Cannabis vape cartridges, also known as vape carts, are convenient, discreet, and potent cannabis-infused products that are popular among concentrate consumers. While vape carts may be one of the easiest consumption methods available, they are receiving negative press due to troubling reports that there are unsafe levels of toxic metals in them.

Ever since California rolled in their new testing regulations at the beginning of the year, “CCELL” vape cartridges have been failing the heavy metal testing requirements for lead. What’s even more concerning is that some of these toxic metals may be inhaled when vaping at high temperatures.

What Are Vape Carts And What Are States Testing For?

Vape carts have a small, tank-like design that contain cannabis oil (THC, CBD, etc). They can be made out of plastic, glass, metal, or a mix of all of these materials. Cartridges screw on a compatible vape battery that is typically powered by a single button. Cannabis oil seeps through small holes in the tank onto heating coils that can be made out of chromium, nickel, and other metals. The battery’s electrical current vaporizes the oil into an aerosol.

Because the cannabis market is so relatively new, there isn’t a standard operating procedure for testing heavy metals across all states. Some states are more strict on cut-off levels than others. Some states like Maine don’t require mandated testing. Starting January 1, California requires mandatory testing for lead, arsenic, cadmium, and mercury. Inhalable cannabis products shall not exceed the following action levels:

  • Cadmium: 0.2 micrograms per gram
  • Lead: 0.5 micrograms per gram
  • Arsenic: 0.2 micrograms per gram
  • Mercury: 0.1 micrograms per gram

Vape Carts Are Failing Heavy Metal Tests

Josh Wurzer, the founder of SC Labs, told Leafly that about 0.5% of the vape carts they have tested have failed for lead. This is worrying since the Centers for Disease Control states that there is no safe level of lead exposure. To be fair, lead contamination can also be found in water, air, and soil. Prolonged exposure over months or years can lead to no visible symptoms, but over time can develop into high blood pressure, pain, memory problems, irritability, headaches, and more.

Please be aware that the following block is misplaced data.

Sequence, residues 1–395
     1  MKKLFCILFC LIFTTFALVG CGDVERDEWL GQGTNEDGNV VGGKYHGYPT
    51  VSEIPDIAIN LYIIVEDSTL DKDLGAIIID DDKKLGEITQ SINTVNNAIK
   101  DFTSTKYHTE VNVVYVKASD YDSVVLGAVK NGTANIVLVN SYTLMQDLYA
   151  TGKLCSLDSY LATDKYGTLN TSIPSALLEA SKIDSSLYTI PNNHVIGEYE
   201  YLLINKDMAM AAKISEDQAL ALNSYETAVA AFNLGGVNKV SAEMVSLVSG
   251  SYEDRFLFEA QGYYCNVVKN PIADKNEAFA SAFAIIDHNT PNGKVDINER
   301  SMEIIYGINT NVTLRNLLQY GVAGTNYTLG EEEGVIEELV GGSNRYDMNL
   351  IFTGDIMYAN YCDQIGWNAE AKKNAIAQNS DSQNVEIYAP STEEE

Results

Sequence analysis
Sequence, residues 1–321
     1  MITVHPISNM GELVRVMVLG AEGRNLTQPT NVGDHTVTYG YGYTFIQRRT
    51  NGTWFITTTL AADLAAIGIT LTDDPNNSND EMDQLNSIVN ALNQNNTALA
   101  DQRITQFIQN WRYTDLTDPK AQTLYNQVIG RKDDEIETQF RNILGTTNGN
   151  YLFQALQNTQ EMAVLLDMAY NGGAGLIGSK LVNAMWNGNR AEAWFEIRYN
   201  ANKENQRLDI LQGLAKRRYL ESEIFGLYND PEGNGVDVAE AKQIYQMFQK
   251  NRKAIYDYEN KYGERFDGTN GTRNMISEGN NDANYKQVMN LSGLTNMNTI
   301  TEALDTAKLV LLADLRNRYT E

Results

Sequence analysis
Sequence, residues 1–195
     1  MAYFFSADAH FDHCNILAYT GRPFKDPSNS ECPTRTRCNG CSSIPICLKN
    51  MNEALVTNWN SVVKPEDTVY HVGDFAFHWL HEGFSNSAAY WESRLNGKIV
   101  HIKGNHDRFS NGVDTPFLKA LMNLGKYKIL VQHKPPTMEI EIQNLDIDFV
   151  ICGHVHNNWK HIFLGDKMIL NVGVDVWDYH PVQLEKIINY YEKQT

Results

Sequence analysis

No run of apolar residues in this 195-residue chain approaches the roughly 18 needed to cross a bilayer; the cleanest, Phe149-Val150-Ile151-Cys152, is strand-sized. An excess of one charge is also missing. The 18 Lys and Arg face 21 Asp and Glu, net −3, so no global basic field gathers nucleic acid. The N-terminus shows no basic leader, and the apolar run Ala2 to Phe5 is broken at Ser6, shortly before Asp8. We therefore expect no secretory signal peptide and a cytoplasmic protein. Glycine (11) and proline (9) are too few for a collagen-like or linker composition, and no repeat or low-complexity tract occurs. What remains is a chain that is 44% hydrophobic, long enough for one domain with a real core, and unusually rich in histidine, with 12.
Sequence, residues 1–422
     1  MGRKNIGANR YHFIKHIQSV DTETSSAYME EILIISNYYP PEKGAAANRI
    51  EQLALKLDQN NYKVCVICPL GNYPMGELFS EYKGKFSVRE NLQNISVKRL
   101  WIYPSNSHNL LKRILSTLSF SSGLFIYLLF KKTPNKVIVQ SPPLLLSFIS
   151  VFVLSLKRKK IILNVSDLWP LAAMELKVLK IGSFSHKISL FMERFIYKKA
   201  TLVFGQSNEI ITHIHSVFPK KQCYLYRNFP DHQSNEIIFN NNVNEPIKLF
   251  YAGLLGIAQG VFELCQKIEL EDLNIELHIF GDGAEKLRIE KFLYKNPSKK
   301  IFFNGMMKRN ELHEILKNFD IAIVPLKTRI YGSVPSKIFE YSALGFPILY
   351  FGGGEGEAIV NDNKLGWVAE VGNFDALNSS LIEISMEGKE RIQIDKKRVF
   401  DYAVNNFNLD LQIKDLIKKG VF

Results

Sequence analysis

Peter Hackett, vape expert from AiR Vapor tells Leafly that vape carts in California are failing tests at 0.6 or 0.7 parts per million (ppm) lead. In other states, these cartridges may have passed testing. In California, they are barely passing tests with 0.3 or 0.4 ppm lead. Test results may differ between analytical labs, so it’s unclear how much lead is actually in the vape carts. Additionally, lead found in carts does not mean that lead is present in the cannabis oil.

Made In China

According to Hackett, China includes lead in their brass and copper mixture to make their metals more malleable and affordable. China used to have some of the strictest regulations on lead, following European rules that limited lead in electronics to 4% or 40,000 ppm. That standard is now obsolete with California’s standard of 0.5 ppm lead in inhalable cannabis products, surpassing Washington state’s limit of 1.2 ppm.

Experts believe that vape cartridges are failing their tests because some of the acidic compounds in cannabis oil are drawing lead from the carts. SC Labs have even tested empty cartridges that have failed for lead, which may also indicate that labs are unknowingly contaminating cannabis products.

Studies On Vape Carts

This isn’t the first time vaping has been under scrutiny. A 2018 study by John Hopkins Bloomberg School of Public Health found “significant amounts of toxic metals, including lead” leaking from e-cig heating coils and in the aerosols. Researchers found unsafe levels of lead, manganese, chromium, and nickel. Long-term inhalation has been associated with organ damage and cancer.

There doesn’t seem to be a simple fix to the toxic metal problem in vape carts. Until manufacturers ensure consumers that there is no unsafe level of lead in their products, vape carts will continue to fail tests. As more consumers and regulators become aware of contaminated cartridges, manufacturers will have to pay up for lead-free cartridges.

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